April 2, 2013
TT: Starting gun
My brother recently sent me a copy of Life published on February 6, 1956, the day that I was born. Nowadays Life, which folded in 1972, is scarcely remembered save by senior citizens, and it was already in terminal decline when I was a boy. In 1956, though, it was still an immensely powerful publication, a tabloid-sized illustrated magazine that ran long, serious articles--it serialized The Old Man and the Sea and Winston Churchill's war memoirs--but was mainly known for its photographs of the week's news, which were shot by the likes of Margaret Bourke-White, Robert Capa, and Gordon Parks.
The rise of television eventually made Life obsolete, just as the coming of the internet is now doing the same thing to Time, its sister publication, but throughout the Forties and Fifties it was Life that showed Americans what the world looked like, and told them what to think about what they saw in its pages.
What did the world look like during the week I was born, midway through the Age of Eisenhower? If you go by Life, things were pretty quiet. Shirley Jones, the star of the surpassingly bland film version of Carousel, was on the cover, and the biggest "story" of the week was an excerpt from Harry Truman's presidential memoirs, for whose serial rights the magazine had laid out a tidy sum. As for the other top-billed story, the cover line tells you all you need to know: "New Series on a Family Problem: How to Give Children's Parties."
As usual, the editors devoted a good-sized chunk of the magazine to a serious but safe high-culture story, a review of a traveling exhibition of paintings by Reginald Marsh, accompanied by an editorial in which readers were assured that it was still all right to like representational art: "Fortunately not all our artists run with the novelty-seeking pack. Fortunately, too, the abstractionist dogma that painting should have nothing to do with nature or humanity has not monopolized the art world."
As is so often the case with old magazines, it's the ads, not the stories, that turn out to be most interesting in retrospect. Some of the products, like Campbell's Soup, remain familiar to this day. Others are long forgotten. (Does anybody still use Vitalis Hair Tonic?) All, though, are plugged straightforwardly and without a trace of wit, much less irony: "The generous Sun--Some people worship it--all children play in it--and corn soaks up more of it than any other grain. (There's a whole summer of sun in every kernel.) Then Kellogg's flavors, flakes and packages it, calls it Kellogg's Corn Flakes, and gives it back to you every morning.)"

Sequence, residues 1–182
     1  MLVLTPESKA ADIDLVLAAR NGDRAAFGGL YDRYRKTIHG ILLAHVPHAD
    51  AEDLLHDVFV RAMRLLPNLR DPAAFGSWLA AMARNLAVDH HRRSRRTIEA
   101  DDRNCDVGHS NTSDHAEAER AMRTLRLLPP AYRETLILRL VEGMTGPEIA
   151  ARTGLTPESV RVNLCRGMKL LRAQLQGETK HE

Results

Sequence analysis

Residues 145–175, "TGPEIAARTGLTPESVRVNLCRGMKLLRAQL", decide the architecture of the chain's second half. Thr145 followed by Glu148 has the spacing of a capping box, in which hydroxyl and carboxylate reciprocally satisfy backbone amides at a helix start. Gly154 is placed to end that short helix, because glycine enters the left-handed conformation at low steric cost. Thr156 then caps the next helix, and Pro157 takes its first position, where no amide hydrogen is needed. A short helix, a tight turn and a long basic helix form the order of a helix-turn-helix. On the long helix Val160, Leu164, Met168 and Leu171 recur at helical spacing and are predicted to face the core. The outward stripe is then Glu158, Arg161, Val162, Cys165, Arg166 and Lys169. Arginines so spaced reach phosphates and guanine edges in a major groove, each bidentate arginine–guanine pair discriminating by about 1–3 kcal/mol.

At first I found the sheer earnestness of the ads to be oddly touching, but I was rolling my eyes by the time I'd made it halfway through the magazine.
Contrary to its reputation, America in the Fifties was a lot more exciting than you'd guess from flipping through the pages of this particular issue of Life. Among other things, Elvis Presley sang "Baby, Let's Play House" and "Tutti Frutti" on The Dorsey Brothers Stage Show just two days before Shirley Jones' pretty face appeared on the cover. That particular cultural development had yet to be noticed by the editors of Life in February of 1956, but I dare say it was at least as significant as anything else that appeared in the magazine that year.
Needless to say, Life eventually caught up with Elvis, running a feature in August that took what the editors doubtless regarded as an even-handed view of his burgeoning celebrity:
Up to a point the country can withstand the impact of Elvis Presley as a familiar and acceptable phenomenon. Wherever the lean, 21-year-old Tennessean goes to howl out his combination of hillbilly and rock and roll, he is beset by teenage girls yelling for him. They dote on his sideburns and pegged pants, cherish cups of water dipped from his swimming pool, covet strands of his hair, boycott disc jockeys who dislike his records (they have sold some six million copies). All this the country has seen before--with [Johnny] Ray, Sinatra and all the way back to Rudy Vallee.
But with Elvis Presley the daffiness has been deeply disturbing to civic leaders, clergymen, some parents. He does not just bounce to accent his heavy beat. He uses a bump and grind routine usually seen only in burlesque. His young audiences, unexposed to such goings-on, do not just shout their approval. They get set off by shock waves of hysteria, going into frenzies of screeching and wailing, ending up in tears....
Such was Life in the year of my birth.
Posted April 2, 2013 12:00 AM